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The Intersex Protagonist in “Ponyboi” Is a Revelation

PARK CITY, UTAH – JANUARY 20: River Gallo attends the 2024 Sundance Film Festival “Ponyboi” premiere at the Library Center Theatre on January 20, 2024, in Park City, Utah. (Photo by Stephen Greathouse/Shutterstock for Sundance Film Festival)

By Lucy Spicer

Every once in a while, a film comes along that makes you think, “This is important.” Esteban Arango’s Ponyboi, screening in the U.S. Dramatic Competition at the 2024 Sundance Film Festival, is one of those films. This hilarious, suspenseful, heartwarming, heart-wrenching, thought-provoking, genre-bending adventure is destined to take its place as a landmark work in the queer cinema canon. 

The audience at the film’s January 20 premiere at the Library Center Theatre in Park City, Utah, seems to agree. “The movie is one of the most beautiful movies I’ve ever seen in my entire life,” says one audience member at Ponyboi’s post-premiere Q&A. “I laughed, I cried, I had a meltdown, it was incredible.” 

All this describes a story about a single day in New Jersey. Specifically, it’s Valentine’s Day, and intersex sex worker Ponyboi (a phenomenal performance by screenwriter River Gallo) is about to have a wild 24 hours. A drug deal goes wrong, a handsome stranger appears, a friendship is tested, an escape is attempted, and so much more.

“It started deep in the depths of New Jersey,” says Gallo. “It started out of a desire to want to express the different ways in which I felt like an outsider in my life through different intersecting identities — being intersex, being Latinx, being from New Jersey, which, I think, has a special liminal relationship to reality.” The audience laughs at that last bit, but Gallo is completely serious.

“Living next to New York, where all your dreams are possible, to being just a bridge and tunnel away from all of that, and just the concept of being so close, yet so far, to who you wanna be and the life that you want. And I think for a long time, I was haunted by that,” says Gallo.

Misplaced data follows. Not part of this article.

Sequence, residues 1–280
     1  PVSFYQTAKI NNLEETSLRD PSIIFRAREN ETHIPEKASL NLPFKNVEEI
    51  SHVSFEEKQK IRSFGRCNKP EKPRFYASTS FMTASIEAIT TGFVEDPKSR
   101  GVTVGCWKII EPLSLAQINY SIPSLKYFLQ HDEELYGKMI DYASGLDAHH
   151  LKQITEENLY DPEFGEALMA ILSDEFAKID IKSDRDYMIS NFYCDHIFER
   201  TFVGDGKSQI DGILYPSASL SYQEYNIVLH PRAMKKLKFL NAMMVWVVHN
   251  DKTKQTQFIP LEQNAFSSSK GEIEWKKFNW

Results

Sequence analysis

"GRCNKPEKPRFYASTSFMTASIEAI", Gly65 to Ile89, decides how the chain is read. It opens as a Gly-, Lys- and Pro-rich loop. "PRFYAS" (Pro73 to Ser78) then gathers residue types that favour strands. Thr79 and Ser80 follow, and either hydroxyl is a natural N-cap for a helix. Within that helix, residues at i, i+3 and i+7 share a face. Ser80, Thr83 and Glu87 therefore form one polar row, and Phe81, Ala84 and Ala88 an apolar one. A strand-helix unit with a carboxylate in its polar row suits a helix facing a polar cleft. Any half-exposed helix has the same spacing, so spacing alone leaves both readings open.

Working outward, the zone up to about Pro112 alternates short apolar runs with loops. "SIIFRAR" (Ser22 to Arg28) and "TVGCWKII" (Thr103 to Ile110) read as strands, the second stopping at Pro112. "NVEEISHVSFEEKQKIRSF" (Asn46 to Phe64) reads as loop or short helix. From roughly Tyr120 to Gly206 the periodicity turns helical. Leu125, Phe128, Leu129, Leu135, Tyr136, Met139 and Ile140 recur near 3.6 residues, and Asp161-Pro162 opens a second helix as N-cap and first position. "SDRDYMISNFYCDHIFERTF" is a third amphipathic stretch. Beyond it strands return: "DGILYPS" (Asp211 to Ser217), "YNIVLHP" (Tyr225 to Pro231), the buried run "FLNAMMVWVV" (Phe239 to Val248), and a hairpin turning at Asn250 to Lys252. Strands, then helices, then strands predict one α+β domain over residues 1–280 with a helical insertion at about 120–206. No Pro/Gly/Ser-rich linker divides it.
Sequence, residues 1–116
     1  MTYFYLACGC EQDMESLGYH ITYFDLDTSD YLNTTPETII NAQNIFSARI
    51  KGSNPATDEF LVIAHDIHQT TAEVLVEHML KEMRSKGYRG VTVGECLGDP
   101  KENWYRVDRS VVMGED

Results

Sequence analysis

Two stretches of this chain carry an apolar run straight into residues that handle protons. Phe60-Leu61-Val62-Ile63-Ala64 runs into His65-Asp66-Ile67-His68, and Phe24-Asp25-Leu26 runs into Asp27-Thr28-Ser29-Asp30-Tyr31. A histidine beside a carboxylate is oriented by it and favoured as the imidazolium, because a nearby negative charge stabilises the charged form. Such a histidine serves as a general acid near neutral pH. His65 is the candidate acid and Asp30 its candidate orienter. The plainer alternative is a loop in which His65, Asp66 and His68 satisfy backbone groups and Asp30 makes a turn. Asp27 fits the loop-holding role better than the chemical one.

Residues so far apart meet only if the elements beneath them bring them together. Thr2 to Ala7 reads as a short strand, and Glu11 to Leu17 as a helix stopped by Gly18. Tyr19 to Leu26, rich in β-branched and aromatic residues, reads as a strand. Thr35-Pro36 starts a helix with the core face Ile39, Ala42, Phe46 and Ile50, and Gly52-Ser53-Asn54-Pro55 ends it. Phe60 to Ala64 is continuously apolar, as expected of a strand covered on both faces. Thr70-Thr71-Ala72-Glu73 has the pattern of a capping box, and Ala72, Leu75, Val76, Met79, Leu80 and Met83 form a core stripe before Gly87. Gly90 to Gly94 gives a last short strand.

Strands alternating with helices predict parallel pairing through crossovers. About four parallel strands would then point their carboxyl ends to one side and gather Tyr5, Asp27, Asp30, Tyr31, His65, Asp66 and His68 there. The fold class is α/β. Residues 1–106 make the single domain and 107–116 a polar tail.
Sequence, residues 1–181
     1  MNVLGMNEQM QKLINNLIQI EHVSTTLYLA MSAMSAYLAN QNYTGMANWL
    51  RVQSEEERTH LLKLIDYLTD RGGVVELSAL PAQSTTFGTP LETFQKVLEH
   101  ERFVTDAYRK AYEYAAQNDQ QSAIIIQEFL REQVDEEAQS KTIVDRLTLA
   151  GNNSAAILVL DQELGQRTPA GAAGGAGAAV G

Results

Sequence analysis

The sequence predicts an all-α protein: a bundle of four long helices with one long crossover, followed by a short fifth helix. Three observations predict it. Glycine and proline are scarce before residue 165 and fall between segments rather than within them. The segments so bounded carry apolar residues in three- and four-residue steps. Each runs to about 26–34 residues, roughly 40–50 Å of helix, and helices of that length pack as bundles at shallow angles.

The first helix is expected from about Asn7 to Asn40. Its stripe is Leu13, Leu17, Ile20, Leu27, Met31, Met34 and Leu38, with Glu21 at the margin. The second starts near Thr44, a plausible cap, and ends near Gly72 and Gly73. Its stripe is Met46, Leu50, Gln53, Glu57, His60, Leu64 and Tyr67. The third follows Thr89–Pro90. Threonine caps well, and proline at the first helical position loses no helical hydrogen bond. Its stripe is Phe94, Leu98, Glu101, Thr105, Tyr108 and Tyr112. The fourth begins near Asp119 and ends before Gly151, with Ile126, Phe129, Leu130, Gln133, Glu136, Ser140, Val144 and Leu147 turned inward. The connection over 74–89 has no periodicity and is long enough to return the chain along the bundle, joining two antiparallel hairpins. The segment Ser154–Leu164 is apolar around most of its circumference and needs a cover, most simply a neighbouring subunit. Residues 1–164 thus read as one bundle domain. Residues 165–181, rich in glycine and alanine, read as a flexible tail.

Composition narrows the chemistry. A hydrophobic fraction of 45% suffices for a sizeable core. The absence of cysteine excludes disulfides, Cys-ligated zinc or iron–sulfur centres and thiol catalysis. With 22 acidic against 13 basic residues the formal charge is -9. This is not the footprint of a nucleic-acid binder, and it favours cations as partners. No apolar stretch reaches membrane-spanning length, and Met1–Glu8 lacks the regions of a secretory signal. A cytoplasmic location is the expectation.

“Our vision was ‘find the beauty behind the grit, behind the ugly bits of New Jersey,’” adds Arango, who was last at the Festival in 2020 with his film Blast Beat. “There’s so much beauty. That’s why you see so much contrast in this movie. It’s filled with sadness, but so much joy as well. So much hope.”

And hope is a key part of Ponyboi. Amid the mobster chases and neon lights are scenes that hold such tenderness — dreamy scenes where reality seems suspended and Ponyboi can imagine a better future, but also quiet moments where he is reckoning with his identity and how that fits with the identity that others want for him. 

An especially memorable scene features a conversation between Ponyboi and Charlie, played by Indya Moore. “I can confidently say this is the first time a scene [where] an intersex person — and maybe trans-questioning person — and a trans woman are talking to each other about the differences and similarities of their experience. This is the first time that’s ever happened in cinema,” says Gallo to audience cheers.

Ponyboi started out as a theater piece when Gallo was at New York University, and then it became a short film, and now it’s a feature garnering multiple standing ovations at its Sundance Film Festival premiere. It’s been a decadelong journey for Gallo.   

“Essentially, I’ve always wanted to create something that could give people hope that it’s OK to be uncertain with where you are in your life,” says Gallo. “And creating an intimacy with that uncertainty, I think, is the antidote to a lot of the despair that we feel, and the kind of existential crisis of living.”

To see more of the magic from the 2024 Festival, click here.